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Vote Against Wind Project Raises Questions About Future Development

Seneca Wind
A rendering of a wind project as proposed by Seneca Wind shows impact on scenery.

A vote against a wind energy project proposed for Seneca Mountain, near Island Pond, is raising questions about the developer’s next steps. Residents opposed to the project say they are sending a unified message that turbines are not welcome on pristine mountain tops in the Northeast Kingdom.

But the company hasn’t pulled the plug. At least, not yet.

This wasn’t an official election in the Unified Towns and Gores of Essex County. It was an opinion poll conducted by mail and paid for the Seneca Wind. When the replies were tallied before a UTG meeting in Ferdinand Monday night, opponents to the 20-turbine project claimed victory, saying the outcome — 170 against, 107 for — wasn’t even close.

Valerie Desmarais is a co-founder of one of three citizens’ groups opposing the project.

“We’ve done a lot of work and a lot of outreach and done as much education as we can to help people understand the impacts of a set-up like this on the mountain,” she said after the vote.

And those impacts, she says, are not just environmental, but economic in a remote area that relies heavily on income from tourists looking for unspoiled recreational settings. So she and others at the UTG meeting nodded when the Seneca Wind project manager, John Soininen, said that his company would have to re-think its plan.

“Yes, we committed to abiding by a local vote,” he said.

But before the meeting Soininen said, paraphrasing a written statement, that Seneca Wind may not be dead, yet.

“We would like to extend our thanks to all our supporters for their efforts and for taking the time to cast their ballots. At this point Seneca Mountain Wind will need to evaluate the results and consider our options moving forward,” Soininen said.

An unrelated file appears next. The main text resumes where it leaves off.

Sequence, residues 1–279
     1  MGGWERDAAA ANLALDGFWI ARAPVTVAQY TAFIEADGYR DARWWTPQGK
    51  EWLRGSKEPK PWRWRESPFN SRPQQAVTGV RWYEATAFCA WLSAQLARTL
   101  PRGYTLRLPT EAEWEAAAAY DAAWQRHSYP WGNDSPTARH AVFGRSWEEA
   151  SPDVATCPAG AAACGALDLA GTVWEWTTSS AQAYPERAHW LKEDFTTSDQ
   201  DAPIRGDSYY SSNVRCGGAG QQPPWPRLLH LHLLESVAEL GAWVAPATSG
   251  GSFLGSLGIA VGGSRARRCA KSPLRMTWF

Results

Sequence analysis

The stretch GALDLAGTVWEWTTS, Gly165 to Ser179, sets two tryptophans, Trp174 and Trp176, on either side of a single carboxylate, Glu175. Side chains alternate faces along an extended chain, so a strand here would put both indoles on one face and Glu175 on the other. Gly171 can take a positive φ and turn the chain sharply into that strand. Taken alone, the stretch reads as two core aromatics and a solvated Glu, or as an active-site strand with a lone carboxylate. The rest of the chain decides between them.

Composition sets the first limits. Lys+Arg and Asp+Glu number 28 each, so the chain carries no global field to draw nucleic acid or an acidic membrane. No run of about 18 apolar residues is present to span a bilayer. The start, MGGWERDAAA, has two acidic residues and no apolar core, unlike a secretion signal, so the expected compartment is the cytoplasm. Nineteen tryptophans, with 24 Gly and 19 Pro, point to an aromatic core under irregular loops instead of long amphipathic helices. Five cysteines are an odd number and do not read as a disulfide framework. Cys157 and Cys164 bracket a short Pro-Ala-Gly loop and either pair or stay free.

The landowner, meanwhile, has closed his vast acreage to public snowmobile traffic, apparently out of frustration at the vote. So there’s a lot of ambiguity surrounding the UTG survey — not only about what it will mean for future development on Seneca Mountain, but also elsewhere in the Northeast Kingdom. Wind opponents say it follows a trend set in a series of  local votes, including Brighton, Newark, Eden, and Sutton, against mountaintop turbines in this scenic region. But some Kingdom communities have voted for wind projects. And Gabrielle Stebbins, Director of the trade group Renewable Energy Vermont, says the UTG survey should not be seen as an industry defeat, because over 100 people voted yes.

“I think in the long run the multiple benefits of wind energy will outweigh the concerns, and many of those concerns are not based in science, so we’re going to continue to work towards that day when we’re focusing on what wind projects bring in terms of clean energy at very low cost,” Stebbins said.

But clearly there are strong disagreements about what those costs are, and not everyone measures them in monetary terms. Stebbins says local communities should put their trust in the Public Service Board to assess both environmental and economic impacts of wind projects. Opponents say the PSB criteria are too narrow.

So the debate is likely to continue, not only about individual projects, but about the way the state regulates them.

Charlotte Albright lives in Lyndonville and currently works in the Office of Communication at Dartmouth College. She was a VPR reporter from 2012 - 2015, covering the Upper Valley and the Northeast Kingdom. Prior to that she freelanced for VPR for several years.
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